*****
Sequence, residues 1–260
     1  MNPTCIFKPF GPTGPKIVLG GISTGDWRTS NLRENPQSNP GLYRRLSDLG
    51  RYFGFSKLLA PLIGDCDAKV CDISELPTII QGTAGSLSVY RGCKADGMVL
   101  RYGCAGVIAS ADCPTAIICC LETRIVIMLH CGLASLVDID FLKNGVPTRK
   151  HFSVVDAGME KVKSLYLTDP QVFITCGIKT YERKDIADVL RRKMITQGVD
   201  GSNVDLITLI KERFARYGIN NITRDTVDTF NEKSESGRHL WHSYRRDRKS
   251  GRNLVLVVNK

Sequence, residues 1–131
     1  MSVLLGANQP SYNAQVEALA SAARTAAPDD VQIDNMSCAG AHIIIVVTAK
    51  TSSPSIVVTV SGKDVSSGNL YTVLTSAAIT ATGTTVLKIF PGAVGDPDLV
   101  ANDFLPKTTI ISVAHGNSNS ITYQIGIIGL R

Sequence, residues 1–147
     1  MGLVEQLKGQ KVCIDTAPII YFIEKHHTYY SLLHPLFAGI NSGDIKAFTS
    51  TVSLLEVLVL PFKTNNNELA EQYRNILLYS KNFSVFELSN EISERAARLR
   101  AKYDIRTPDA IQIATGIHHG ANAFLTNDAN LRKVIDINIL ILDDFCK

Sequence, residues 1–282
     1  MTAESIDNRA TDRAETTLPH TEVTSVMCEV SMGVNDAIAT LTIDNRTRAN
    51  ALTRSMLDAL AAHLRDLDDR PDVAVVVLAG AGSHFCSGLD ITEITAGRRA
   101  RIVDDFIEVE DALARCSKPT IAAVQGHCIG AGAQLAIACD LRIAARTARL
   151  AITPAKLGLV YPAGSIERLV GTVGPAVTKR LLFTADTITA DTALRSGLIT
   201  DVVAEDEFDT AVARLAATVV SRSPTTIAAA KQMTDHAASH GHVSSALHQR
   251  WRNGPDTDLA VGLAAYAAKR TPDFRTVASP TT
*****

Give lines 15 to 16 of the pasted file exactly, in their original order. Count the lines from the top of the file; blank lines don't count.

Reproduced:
   101  AKYDIRTPDA IQIATGIHHG ANAFLTNDAN LRKVIDINIL ILDDFCK

Sequence, residues 1–282